In the span of three months, Wordle went from a personal gift to a viral sensation — and now, everyone wants in.
The buzz can be attributed to the spoiler-free scoring grid of green, yellow, black and white blocks that allows players to share their Wordle wins across social media, group chats and more. To play the game, players guess a predetermined five-letter word in just six tries, similar to the process in “Lingo,” a popular late ’80s game show. The yellow and green squares indicate that Wordle players guessed a correct letter or a combined correct letter and correct placement for that letter.
Josh Wardle, a software engineer, initially created the game as a gift for his partner. It was released to the public in October, and it exploded in popularity in a matter of months. Ninety people played the game on Nov. 1, according to Wardle. Nearly two months later, 300,000 people played it.
Wordle grew in popularity mostly because of Twitter. From Nov. 1 to Jan. 13, about 1.3 million tweets on Wordle have flooded Twitter, according to Siobhan Murphy, the platform’s communications lead. So far this year, the conversation on Twitter about Wordle has experienced a daily average growth rate of 26 percent, Ms. Murphy said.
Wordle is free for players and doesn’t have any ads, creating the ideal user experience. The success of nearly any product this popular is often followed by copycats, waddling behind in an effort to capitalize on the buzz. Wordle alternatives appeared just days after the original game went viral. Some of the imitators aimed to give players more guesses for a single word or several rounds of words in one day, while others just existed in the name of fun and, well, games.
Letterle, for example, gives 26 tries to guess the letter of the day. Queerdle, which calls itself the “yassification of Wordle,” remixes Wordle and includes a few “very NSFW” words. Absurdle provides unlimited guesses but continues to get harder with each word that solvers input.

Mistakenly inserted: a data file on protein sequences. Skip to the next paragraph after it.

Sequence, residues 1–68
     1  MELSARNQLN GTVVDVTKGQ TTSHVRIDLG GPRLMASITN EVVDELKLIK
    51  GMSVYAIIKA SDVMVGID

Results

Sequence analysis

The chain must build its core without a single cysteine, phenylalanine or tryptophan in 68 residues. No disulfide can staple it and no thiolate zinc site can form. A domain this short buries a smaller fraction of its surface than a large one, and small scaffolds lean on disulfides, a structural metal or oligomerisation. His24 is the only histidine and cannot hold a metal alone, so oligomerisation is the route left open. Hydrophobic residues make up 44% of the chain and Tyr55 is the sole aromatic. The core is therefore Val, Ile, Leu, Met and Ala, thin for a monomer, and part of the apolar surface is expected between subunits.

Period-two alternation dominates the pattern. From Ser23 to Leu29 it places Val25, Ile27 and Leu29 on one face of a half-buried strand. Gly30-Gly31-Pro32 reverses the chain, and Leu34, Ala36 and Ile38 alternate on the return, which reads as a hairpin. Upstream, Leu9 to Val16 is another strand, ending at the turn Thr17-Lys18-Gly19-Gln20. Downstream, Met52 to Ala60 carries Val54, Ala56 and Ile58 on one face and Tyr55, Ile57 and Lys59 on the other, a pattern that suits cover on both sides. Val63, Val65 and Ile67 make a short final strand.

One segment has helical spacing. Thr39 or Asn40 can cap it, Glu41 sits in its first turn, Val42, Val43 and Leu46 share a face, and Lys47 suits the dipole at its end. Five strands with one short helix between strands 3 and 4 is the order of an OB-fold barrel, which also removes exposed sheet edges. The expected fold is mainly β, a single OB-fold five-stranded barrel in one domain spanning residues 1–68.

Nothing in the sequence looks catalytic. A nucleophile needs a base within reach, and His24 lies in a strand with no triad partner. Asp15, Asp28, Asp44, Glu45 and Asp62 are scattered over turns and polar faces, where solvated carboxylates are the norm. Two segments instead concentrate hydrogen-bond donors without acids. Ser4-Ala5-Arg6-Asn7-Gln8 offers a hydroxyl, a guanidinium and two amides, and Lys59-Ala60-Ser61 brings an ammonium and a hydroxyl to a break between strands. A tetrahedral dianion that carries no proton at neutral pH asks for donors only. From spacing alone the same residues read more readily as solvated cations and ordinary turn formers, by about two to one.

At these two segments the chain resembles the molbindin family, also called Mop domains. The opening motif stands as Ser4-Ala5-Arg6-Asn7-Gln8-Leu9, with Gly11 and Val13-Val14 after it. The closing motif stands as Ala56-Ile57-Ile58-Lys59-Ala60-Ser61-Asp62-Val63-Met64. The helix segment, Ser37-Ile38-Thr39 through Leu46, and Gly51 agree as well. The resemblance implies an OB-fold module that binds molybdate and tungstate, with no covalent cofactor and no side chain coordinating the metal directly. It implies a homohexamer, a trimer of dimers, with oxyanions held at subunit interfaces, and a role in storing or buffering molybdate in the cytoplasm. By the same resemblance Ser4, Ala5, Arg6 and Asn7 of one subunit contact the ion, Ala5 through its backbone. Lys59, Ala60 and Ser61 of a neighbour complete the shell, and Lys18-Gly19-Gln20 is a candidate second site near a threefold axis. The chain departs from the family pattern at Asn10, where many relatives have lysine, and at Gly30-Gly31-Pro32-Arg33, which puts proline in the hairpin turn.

However, the most notable imitator was aptly named Wordle and offered as an app, unlike the original iteration of the game, which is a web page. The app’s creator, Zach Shakked, offered players a free trial of the same game with additional options for shorter and longer words. The app also offered a $30 unlimited Pro version. Apple took down the game — and other copycats — from its App Store shortly after Mr. Shakked tweeted about monetizing his version.
For fans, the Wordle obsession is a content gold mine. In fact, Twitter users have most likely dedicated just as much time to turning their colorful grids into viral memes, paintings, cartoons and comics as they have to playing the game. The game has even caught the attention of celebrities including “The Tonight Show” host Jimmy Fallon and the “Succession” actress J. Smith-Cameron.
In one meme, John Cusack is holding not a boombox but a Wordle grid above his head. “Say Anything…”? More like, “Say You’ll Share Your Wordle Score.”
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